Field Crops News

Parasite Can Keep Greenbug in Check

Studies were conducted in Nebraska during 1993 and 1994 to better understand the relationship between greenbugs on grain sorghum and the braconid wasp, Lysiphlebus testaceipes. Often L. testaceipes heavily parasitizes greenbugs on grain sorghum, but this may occur too late to prevent economic damage. One approach to using these wasps would be to encourage their growth earlier in the season, perhaps by planting field length strips of a greenbug susceptible sorghum hybrid in a field of greenbug resistant sorghum. Greenbugs would develop first in the susceptible strips, become parasitized by L. testaceipes and then the wasps would disperse into the rest of the field to begin controlling greenbugs.

Field cage studies showed that L. testaceipes is able to keep greenbugs below economically damaging levels when present early enough. Greenbug populations in cages where no wasps were released increased from an initial 20 greenbugs per plant on whorl stage sorghum to exceed an economic threshold of 1000 greenbugs per plant. In cages where wasps were released (at rates of 0.16, 0.33, 0.5, 1 or 2 wasps per plant) greenbugs stayed below economic levels. In 1993, 0.5 wasp per plant, and in 1994, 0.33 wasp per plant resulted in the greatest numbers of mummies. Greenbug population levels were related to the proportion of greenbugs that were mummies; as percentages of mummies exceeded 20%, greenbug growth rates declined and greenbug numbers declined sharply thereafter. This last result supports our current extension recommendation that if 20% or more of the greenbugs present are mummies, insecticide treatment is not needed, because populations are likely to decline naturally through the activity of the wasp.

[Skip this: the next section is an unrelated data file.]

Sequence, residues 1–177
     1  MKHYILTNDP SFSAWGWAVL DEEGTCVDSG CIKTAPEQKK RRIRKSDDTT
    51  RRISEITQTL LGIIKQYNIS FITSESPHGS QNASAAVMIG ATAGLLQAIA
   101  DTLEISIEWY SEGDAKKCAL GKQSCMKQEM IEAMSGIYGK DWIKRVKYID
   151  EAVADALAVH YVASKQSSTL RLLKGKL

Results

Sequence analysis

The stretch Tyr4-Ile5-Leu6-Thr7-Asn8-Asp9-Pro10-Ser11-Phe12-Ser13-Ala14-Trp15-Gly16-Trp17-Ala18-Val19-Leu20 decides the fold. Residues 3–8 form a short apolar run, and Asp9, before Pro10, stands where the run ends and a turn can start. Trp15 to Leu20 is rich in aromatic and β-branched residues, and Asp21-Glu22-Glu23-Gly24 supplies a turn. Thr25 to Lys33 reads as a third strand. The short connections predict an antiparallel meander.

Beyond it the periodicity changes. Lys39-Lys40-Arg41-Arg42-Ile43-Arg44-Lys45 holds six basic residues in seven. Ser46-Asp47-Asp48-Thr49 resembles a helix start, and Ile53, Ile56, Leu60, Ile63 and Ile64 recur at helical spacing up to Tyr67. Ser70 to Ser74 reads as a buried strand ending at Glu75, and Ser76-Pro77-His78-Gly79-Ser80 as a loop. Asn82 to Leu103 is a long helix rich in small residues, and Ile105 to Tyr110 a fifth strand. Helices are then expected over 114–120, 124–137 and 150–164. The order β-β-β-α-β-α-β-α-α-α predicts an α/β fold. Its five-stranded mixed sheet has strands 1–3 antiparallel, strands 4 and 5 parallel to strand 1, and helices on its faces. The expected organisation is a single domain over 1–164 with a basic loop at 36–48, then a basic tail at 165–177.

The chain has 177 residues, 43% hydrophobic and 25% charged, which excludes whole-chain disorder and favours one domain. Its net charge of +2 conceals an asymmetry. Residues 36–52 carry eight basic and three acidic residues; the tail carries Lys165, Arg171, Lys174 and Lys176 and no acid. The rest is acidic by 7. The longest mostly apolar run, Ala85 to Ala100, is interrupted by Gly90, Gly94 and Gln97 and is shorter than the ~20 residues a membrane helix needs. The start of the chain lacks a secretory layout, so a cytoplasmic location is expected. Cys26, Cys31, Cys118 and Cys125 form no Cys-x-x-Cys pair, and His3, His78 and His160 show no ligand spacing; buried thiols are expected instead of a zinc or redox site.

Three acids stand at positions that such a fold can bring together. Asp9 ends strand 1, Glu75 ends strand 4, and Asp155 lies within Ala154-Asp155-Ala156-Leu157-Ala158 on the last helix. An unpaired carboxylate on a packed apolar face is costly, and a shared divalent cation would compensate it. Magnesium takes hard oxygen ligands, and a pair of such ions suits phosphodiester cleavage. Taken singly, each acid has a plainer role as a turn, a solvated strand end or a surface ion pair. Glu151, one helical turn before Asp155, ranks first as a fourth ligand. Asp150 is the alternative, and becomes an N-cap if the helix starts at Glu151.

In a separate field study, rubidium labelled L. testaceipes moved at least 200 ft from the release site in one day, demonstrating their ability to disperse throughout a field.

Based on Fernandes, O. 1995. Population dynamics and spatial distribution of Lysiphlebus testaceipes and its host, the greenbug, Schizaphis graminum: Studies for the development of an augmentation program. Ph.D. dissertation, Univ. of Nebraska-Lincoln.


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